Often in blogs like this, we stress fidelity to the biblical text, and how to get to the essence of a text. But in reality, that is only 50% (at most) of the work of the sermon.
One huge element is the “illumination and application” of the text to our lives today. That is often (although not always done through sermon illustrations).
I am aware of those who eschew all sermon books and resources, and there are pretty good reasons for doing so. They are often hackneyed, trite and over-used.
The best illustrations are, of course, home-made. As you prepare a sermon, it is excellent if there is an current illustration from your life or church life (appropriately told) that can help the text come alive to the hearer.
But there is absolutely nothing wrong with wanting to capture the best of your experiences, or reading, in some format so that it can be recaptured when you need it. Unfortunately, life doesn’t happen just in accordance with our preaching plan.
Through the years I have tried several methods:
- 3×5 cards with one illustration per card and then kept in a file drawer alphabetized by topic.
- Clippings thrown in topically arranged file folders.
- Taking illustrations of similar topics and photocopying them together onto a 8-1/2 x 11 sheet of paper & then placing it in those topically arranged file folders. (If I told you I have five 4 and 5-drawer file cabinets full of folders with articles & illustrations in my garage, I suspect you would not be surprised).
- Notebooks of sermon ills, photocopied & inserted into notebook, arranged by topic.
- Microsoft Access, using the Kerux template created by David Holwick. It is indeed an incredible resource. But currently, the data file alone is right at 1 GB of space. It is so unwieldy as to be less and less useful.
- Creating my own e-book of Sermon Illustrations within Libronix. (Libronix also allows you to put in the text of your sermons & search them both topically as well as for specific words/phrases.
In the July-August issue of Preaching journal, Jere Phillips (the professor of Practical Theology at Mid-American Baptist Seminary in Memphis TN) gives a fairly simple and useful method. All it takes is Microsoft Excel, which is a part of Office (or really you could use ANY spreadsheet application).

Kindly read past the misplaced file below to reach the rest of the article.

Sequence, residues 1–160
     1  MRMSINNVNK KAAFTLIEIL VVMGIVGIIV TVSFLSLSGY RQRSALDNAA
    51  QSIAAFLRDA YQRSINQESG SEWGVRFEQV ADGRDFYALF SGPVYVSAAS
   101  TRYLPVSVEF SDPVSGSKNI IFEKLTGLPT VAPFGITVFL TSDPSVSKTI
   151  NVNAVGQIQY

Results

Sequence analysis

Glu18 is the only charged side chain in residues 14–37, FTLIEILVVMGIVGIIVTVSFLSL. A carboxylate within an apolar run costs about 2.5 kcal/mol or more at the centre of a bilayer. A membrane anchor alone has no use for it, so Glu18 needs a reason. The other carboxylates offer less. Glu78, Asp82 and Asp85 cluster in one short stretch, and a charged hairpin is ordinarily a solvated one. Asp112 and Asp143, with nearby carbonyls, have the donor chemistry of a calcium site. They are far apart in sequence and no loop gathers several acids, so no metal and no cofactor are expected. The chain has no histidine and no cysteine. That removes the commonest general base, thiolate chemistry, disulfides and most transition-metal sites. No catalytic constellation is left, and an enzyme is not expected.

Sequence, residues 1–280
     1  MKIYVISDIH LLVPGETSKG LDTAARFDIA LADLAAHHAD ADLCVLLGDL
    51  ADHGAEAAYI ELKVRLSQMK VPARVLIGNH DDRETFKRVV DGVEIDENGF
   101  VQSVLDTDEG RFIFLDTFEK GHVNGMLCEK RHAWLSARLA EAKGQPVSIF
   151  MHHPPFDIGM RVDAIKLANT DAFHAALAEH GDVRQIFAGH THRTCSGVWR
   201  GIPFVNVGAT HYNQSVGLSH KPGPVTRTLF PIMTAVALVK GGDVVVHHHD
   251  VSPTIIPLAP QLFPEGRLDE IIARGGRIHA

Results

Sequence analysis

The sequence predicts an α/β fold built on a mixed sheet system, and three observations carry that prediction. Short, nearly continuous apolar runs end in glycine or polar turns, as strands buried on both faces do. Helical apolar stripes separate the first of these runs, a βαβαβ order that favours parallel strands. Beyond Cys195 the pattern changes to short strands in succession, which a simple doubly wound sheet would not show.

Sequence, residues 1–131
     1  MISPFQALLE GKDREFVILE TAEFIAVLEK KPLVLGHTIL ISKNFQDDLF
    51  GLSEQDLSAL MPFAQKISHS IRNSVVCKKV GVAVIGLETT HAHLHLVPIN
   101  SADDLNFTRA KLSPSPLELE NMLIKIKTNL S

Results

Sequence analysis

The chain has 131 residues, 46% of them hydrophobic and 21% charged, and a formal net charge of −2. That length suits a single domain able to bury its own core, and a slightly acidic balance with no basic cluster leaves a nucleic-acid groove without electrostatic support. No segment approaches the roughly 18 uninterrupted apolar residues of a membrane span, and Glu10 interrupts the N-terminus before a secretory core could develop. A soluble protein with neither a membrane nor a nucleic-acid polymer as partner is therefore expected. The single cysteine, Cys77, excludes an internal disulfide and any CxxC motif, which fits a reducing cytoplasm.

You create a series of columns (I have simply put into my copy below the example they give in the article.)
Here is how Phillips describes the recording process:
When you find a good illustration, determine which topic it describes. Type the topic into a cell in the first column of an Excel worksheet. Excel allows selected sets of cells to be alphabetized. Being able to sort illustrations by topics in alphabetical order puts all your material into easily accessible order.
Into the cell of the second column, type the name of the speaker. Record the source of the illustration with bibliographical information in the third cell. The fourth column allows you to note the date you found the illustration so you can cull old illustrations from your database.
The illustration itself goes in the fifth column. It can be typed or copied and pasted from another location, Web site, e-mail or document. (Hint: Paste copied data into the active cell of the formula bar to avoid having information placed in multiple cells.) The illustration can be as large as you need without unduly distorting the appearance of the worksheet. Simply format the cell to “wrap text.” If the height of the row becomes unwieldy, format the row height to “13.”
Hyperlinks provide another option for larger illustrations, scans of magazine articles, sections of books, maps or pictures. Simply save the scan, jpeg picture or other material into a Word document or other file. Right-click on the active cell into which you want to create the hyperlink and click on “hyperlink” in the drop-down menu. This simple box allows you to hyperlink the cell to the document saved elsewhere on your computer. You also can hyperlink directly to a Web page that has a story, statistic, quotation or other illustration. Of course, you risk the good chance that the provider may change the Web site, and you’ll lose your content.
Put the date and place you use the illustration into the sixth cell. You may want to use the illustration again—but not at the same church. People may forget your sermons, but they will remember good illustrations. Finally, if you want to associate this illustration with a particular biblical text, type the textual reference into the seventh column.
As you add rows of illustrations, you can find illustrations by alphabetized topic or by searching for specific words within an illustration. Using the edit function of Excel, click on “find” and simply type the key word for which you are hunting.
You can view the entire illustration by clicking on the active cell. The formula bar will open a box with the whole text available for viewing, editing or copying and pasting into a Word document containing your sermon outline.
Phillips gives much additional helpful information on sermon illustrations. Check it out here.